LOS ANGELES – One day she was a sweet smiling Disney darling, and the next she was a sexually-aggressive, body baring songstress intent on twerking and tonguing her way to the top of the charts.
How did this happen?
Well for one, she hired Britney Spears’ manager, Larry Rudolph.
In March, Cyrus signed up Rudolph, the man best known for guiding the career of Britney Spears from Mouseketeer to pop singing sex symbol.
Interestingly, it was also announced this week that Spears and Cyrus collaborated on a track for Cyrus’ new album.
In July, Rudolph told the Hollywood Reporter that Cyrus' evolution was "organic" and "healthy," and following the recent VMAs performance in which she twerked and jerked and rubbed her crotch suggestively with a big foam finger, he told Us Weekly that the controversial performance "could not have gone better."
So was Cyrus intentionally put on the Spears path to pump some life into a sagging career?
Her last album "Can't Be Tamed," released in 2010, was considered a sales disappointment. Cyrus then focused on movies without huge success. (Remember 'So Undercover' and 'LOL'? Didn't think so.) So in 2012, Cyrus parted ways with longtime manager Jason Morey and brought Rudolph into the fold. The sexual comments, revealing outfits and bawdy behavior have been front and center ever since.
Looking back, it was when Spears turned 20 – Cyrus’ current age – that she also shed her sweetie pie skin and slithered with a snake on stage at the 2001 VMAs, igniting parental gasps worldwide.
Some say yes.
A source connected to Rudolph says it would be a shock if it was Rudolph who took the "We Can't Stop" singer into her current twerking, foam fingered, sledgehammer licking territory. Multiple insiders also tell us that while Rudolph is on the payroll, its Cyrus who is behind the sexed up shift.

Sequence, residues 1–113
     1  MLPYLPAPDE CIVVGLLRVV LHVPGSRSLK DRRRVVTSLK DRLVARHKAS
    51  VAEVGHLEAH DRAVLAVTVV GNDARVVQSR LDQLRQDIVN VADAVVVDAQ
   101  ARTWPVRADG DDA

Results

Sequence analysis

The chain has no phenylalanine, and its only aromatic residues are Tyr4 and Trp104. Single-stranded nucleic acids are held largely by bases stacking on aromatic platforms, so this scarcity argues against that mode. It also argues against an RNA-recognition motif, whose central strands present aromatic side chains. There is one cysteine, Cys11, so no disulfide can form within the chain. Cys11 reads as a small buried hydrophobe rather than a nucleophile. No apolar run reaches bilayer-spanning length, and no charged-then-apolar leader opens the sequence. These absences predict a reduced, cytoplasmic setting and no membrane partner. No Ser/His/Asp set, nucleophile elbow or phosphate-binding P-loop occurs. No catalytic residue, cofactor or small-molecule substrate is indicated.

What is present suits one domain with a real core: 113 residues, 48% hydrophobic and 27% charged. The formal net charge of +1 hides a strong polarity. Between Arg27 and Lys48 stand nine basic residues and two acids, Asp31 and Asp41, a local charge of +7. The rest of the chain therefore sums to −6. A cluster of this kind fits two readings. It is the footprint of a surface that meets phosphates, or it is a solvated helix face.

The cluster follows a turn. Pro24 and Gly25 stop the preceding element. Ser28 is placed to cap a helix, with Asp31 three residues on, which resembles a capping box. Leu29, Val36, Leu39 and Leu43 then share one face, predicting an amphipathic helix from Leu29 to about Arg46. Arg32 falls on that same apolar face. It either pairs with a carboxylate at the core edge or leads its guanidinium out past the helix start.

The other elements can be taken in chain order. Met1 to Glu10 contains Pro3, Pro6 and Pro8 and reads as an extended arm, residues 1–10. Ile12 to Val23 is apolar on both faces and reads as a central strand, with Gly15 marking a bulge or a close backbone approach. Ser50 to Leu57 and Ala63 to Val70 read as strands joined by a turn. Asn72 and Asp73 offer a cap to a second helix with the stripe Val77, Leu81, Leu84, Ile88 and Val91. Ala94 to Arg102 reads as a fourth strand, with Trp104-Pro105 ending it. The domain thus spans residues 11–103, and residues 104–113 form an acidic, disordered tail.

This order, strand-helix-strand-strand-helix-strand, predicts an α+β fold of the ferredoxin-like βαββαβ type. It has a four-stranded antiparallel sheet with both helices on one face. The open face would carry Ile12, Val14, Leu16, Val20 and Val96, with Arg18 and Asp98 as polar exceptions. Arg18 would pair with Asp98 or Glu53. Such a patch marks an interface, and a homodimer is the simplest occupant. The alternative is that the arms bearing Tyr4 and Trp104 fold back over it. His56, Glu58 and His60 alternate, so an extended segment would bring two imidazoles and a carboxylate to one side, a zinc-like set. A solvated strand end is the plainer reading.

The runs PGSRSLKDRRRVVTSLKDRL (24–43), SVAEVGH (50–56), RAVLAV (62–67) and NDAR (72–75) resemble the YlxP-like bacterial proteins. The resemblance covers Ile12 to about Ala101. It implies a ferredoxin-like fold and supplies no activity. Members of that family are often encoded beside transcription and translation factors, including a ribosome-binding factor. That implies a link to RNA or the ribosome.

“She just is a very sexual girl,” one Cyrus insider said. “It’s all Miley.”
If Cyrus – who is worth a reported $150 million already -- is indeed calling the sexual shots, nobody’s stopping her.
"Much as most average 20-year-olds don't listen to their parents, I would venture this mega-star isn't listening to anyone now either," Ronn Torossian, CEO of New York firm 5WPR said. “I find it hard to believe that the over-sexualized image of Miley Cyrus is something which a member of her team is encouraging. Could anyone imagine the discussion between her and her staff where they are talking about what she should be doing with that oversized foam finger at the VMAs?”
Others argue that Cyrus is no longer a minor and capable of making her own decisions.
"Miley is still on an upswing, and in the public eye during a crucial time in her career," insisted Jed Smith of Betafish Music.
And who knows, maybe it’s all working. Despite the negative reactions to her music video for “Wrecking Ball,” it obliterated the record for most video views in one day – held by One Direction – by over 8 million views.
“With over 19.3 million views across Vevo, Miley takes back the crown and sets a new Vevo record,” boasted her press release on Tuesday.
And while, as her manager, Rudolph is in charge of her career trajectory, he’s not the only middle-aged guy helping Cyrus. Her agent, Kevin Huvane, is one of Hollywood’s most powerful, boasting A-list talent including Meryl Streep, Jennifer Aniston, Tom Cruise and Natalie Portman. And now controversial photographer Terry Richardson has been pulled into the mix. Richardson, who directed the scandalous video for “Wrecking Ball,” has been accused of inappropriately touching young models in the past, accusations which he had vehemently denied.
Plus Miley’s biggest fan may still be her dad, Billy Ray. Cyrus, who is still a board member of the Parents Television Council, – a conservative watchdog group that has been openly critical of young Cyrus – has opted for a little humor to accept the ever-evolving situation.
“Trying to type, tweet, twerk and ride a wrecking ball naked all at the same time while carrying a sledgehammer is proving difficult,” he tweeted. “Peace.”
Cyrus’ manager, agent and publicist did not respond to a request for comment.